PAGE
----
Australia's biggest export market recently raised concerns when China suspended four Australian beef producers from exporting to China and then imposed a total 80.5 per cent fee on barley imports because of subsidies to its farmers.
While China has yet to take action on iron ore, its main export, it is likely to have a related impact on Australian exports if they fail to comply following recent changes in the way China regulates the import of iron ore.
Against this backdrop, there is yet another piece of bad news from Australia. Fitch ratings, one of the world's top three rating agencies, has cut its outlook on Australia's triple-a credit rating to negative, reflecting the country's slide into recession, foreign media reported on Friday. Foreign media said that fitch's move will lead to a serious deterioration of the country's financial situation.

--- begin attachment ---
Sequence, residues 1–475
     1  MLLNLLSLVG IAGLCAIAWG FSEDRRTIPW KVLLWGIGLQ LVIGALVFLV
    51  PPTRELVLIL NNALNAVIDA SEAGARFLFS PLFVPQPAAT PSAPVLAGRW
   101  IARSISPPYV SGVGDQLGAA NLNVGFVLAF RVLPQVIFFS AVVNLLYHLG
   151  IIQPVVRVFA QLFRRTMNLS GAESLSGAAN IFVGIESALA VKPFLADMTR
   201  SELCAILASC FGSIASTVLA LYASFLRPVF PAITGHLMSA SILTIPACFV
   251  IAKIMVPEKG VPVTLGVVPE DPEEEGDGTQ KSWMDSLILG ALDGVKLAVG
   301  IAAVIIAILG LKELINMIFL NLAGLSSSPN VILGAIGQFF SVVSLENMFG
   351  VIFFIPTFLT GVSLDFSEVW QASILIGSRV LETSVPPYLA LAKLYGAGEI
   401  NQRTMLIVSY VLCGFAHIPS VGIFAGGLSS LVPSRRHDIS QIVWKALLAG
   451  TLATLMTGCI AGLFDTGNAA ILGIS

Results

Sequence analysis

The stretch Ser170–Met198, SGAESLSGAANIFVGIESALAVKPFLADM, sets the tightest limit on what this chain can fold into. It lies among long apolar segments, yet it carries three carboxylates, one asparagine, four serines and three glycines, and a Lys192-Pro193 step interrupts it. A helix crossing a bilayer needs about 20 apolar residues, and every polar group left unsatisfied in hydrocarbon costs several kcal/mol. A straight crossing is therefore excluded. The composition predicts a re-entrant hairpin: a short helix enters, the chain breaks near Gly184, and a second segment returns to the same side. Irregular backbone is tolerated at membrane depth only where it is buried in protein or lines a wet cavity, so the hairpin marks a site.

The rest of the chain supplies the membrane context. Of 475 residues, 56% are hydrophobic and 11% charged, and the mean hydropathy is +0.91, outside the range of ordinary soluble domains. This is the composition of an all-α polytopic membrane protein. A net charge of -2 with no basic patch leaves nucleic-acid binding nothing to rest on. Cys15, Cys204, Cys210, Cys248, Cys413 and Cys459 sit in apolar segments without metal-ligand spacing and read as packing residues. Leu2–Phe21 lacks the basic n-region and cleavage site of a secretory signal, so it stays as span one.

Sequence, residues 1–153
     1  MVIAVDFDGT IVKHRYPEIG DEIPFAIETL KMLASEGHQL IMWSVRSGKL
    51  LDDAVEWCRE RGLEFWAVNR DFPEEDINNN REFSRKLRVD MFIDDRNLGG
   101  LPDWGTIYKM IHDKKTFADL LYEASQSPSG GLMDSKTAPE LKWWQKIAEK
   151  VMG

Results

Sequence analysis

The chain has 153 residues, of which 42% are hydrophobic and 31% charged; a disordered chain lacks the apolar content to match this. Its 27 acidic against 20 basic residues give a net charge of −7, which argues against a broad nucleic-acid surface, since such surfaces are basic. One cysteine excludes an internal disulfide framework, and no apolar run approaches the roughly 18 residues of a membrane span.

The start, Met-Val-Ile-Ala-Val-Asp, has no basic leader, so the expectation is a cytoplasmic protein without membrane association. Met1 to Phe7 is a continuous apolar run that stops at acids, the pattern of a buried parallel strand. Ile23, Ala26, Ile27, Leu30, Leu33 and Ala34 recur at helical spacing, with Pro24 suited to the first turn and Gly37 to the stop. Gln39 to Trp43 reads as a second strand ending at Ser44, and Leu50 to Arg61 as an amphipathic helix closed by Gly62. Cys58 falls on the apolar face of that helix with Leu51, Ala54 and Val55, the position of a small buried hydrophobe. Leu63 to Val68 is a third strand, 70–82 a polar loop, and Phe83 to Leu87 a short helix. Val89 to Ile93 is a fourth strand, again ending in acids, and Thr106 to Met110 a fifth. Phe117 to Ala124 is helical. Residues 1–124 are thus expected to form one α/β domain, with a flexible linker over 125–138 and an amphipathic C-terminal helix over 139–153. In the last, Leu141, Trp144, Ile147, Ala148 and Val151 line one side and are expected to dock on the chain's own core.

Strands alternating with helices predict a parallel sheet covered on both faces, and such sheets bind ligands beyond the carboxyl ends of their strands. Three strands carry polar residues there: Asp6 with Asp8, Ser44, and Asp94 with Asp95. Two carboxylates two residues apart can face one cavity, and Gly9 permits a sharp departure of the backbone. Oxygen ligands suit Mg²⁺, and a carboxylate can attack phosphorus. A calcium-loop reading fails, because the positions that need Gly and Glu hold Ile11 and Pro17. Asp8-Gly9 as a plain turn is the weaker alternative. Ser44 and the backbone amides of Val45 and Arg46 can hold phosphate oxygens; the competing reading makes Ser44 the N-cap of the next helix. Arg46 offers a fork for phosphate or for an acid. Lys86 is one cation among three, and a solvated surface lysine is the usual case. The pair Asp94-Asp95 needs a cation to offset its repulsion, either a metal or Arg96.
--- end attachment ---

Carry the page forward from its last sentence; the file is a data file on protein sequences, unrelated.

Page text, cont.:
increased government spending in response to the recent outbreak has resulted in a large fiscal deficit and a sharp rise in the country's debt ratio,' fitch said in a statement. In the past two decades, Australia has enjoyed a 28-year record of recession-free growth thanks to China's rapid economic growth.
However, economists now expect the economy to contract by 10 per cent in the first half of the year and the unemployment rate to soar to 10 per cent in June, even with the country's proposed JobKeeper plan. In addition to higher borrowing costs, the Australian dollar fell sharply against the U.S. dollar.